SNP ministers have been urged to abandon a controversial tax break for the air industry after the levy involved was delayed for a second year.

In a written parliamentary answer, Finance Secretary Derek Mackay admitted Air Departure Tax - the devolved version of Air Passenger Duty - would not be ready in 2019-20.

Already postponed in 2018-19, the new tax has been held up by a dispute over maintaining a long-standing exemption from air passenger tax in the Highlands and Islands, which could fall foul of EU state aid rules.

The SNP has promised to halve ADT by 2021 at a cost of around £190m in order to lower costs to passengers and encourage investment in Scottish airports.

However last year Mr Mackay halted its devolution on the eve of the 2018-19 budget - coincidentally easing a deal with the Scottish Greens, who vehemently oppose the tax.

Mr Mackay said the Scottish and UK governments had continued to work on creating a new Highlands and Islands exemption.

But he said: “Despite these efforts, and combined with the continuing uncertainty as to how Brexit might affect aviation, it has become clear that aiming to introduce the tax at the beginning of the next fiscal year, April 2019, is not possible.

“The Scottish Government has a longstanding commitment to reduce ADT by 50 per cent, and we are doing all we can to work with airlines and airports to help grow the direct routes which are important for our tourism sector and Scottish businesses.

“While we work towards a resolution to the Highlands and Islands exemption, we call on the UK Government to reduce APD rates to support connectivity and economic growth in Scotland and across the UK.

Scottish Liberal Democrat leader Willie Rennie said the tax cuts should be abandoned.

He said: “Instead of using Brexit, the EU and the Highlands and Islands airports exemption as a pathetic excuse on ADT cuts, the Scottish Government should just abandon their anti-environmental policy.

“Cutting ADT will damage the environment and won’t help our battle with climate change. It will also hit our public finances at a time when we are facing a massive £1.7bn forecast downgrade. The SNP should finally give up and accept they are wrong on this.”

Green MSP Patrick Harvie added: “The SNP must be counting their lucky stars that they’ve found a way of getting out of their commitment to an ill thought out, evidence-free policy.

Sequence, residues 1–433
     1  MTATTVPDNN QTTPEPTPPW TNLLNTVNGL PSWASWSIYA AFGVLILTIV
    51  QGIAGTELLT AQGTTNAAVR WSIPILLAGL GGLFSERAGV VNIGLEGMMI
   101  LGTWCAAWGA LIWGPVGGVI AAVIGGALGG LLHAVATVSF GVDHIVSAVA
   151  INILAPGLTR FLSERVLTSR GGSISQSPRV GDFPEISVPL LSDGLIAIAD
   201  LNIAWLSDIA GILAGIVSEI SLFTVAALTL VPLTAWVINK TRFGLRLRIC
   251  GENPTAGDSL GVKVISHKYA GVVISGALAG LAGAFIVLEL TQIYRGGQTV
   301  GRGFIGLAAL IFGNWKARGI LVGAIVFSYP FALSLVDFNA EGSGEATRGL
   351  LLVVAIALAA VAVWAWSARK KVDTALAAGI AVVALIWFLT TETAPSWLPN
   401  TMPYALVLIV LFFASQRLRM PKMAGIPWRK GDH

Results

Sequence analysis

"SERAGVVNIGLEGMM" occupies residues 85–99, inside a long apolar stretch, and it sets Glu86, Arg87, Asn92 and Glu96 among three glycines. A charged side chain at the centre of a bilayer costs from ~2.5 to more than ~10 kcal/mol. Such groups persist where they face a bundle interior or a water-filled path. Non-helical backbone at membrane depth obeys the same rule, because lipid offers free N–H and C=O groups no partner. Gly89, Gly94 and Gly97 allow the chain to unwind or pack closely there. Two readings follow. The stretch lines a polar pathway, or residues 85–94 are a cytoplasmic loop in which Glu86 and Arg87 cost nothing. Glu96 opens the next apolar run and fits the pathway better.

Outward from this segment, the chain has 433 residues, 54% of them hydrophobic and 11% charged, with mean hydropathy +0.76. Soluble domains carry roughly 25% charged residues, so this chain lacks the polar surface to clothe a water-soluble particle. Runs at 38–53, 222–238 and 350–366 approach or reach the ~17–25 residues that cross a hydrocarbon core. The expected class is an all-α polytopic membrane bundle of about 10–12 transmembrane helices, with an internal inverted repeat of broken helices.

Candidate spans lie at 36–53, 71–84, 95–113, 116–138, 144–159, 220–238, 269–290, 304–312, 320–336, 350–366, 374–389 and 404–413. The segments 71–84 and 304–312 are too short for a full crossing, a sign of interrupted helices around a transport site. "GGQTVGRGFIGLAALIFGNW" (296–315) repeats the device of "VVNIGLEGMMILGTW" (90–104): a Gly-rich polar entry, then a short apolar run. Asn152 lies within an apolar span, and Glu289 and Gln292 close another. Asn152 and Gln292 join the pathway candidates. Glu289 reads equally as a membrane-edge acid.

“They know that if they were to carry out their proposal to slash aviation taxes, something which is designed only to keep airline lobbyists happy, they would undermine their own climate change objectives as well as their ability to achieve a positive result of the next budget negotiations.

“Greens will continue to oppose this pointless corporate tax break in principle, and advocate for sustainable transport policies which put people’s regular public transport first, and the interest of airline shareholders at the back of the queue.”

Labour MSP James Kelly said: "The SNP government's handling of Air Passenger Duty has been a shambles from the outset - and as usual ministers are trying to point the finger at anyone except themselves.

"Attempts to give a tax break to frequent fliers while schools are lacking teachers and hospitals are lacking nurses tells you everything need to know about the SNP's priorities."

Loganair managing director Jonathan Hinkles said: “We are very disappointed to learn that plans for Air Departure Tax to be reduced have been yet further delayed.

“We continue to lobby for the current exemption for flights departing from the Highlands and Islands to be reciprocated so that it applies on flights to the region from larger airports like Glasgow and Edinburgh.

"Although we understand the position in which the Scottish Government has unfortunately found itself, it looks as though this will now hold back developments that would grow both tourism and business travel within Scotland, and that delay will be detrimental."

A Flybe spokesperson added: “We firmly believe that plans to reduce the level of APD, which as a UK-levied tax is one of the highest of its kind in the world, are essential for Scotland’s future success in remaining an attractive destination for business and tourist travellers.”

A HM Treasury spokesperson said: "We have agreed with the Scottish government to devolve Air Passenger Duty, and we are helping Scotland design its own tax. It is up to the Scottish government when this happens."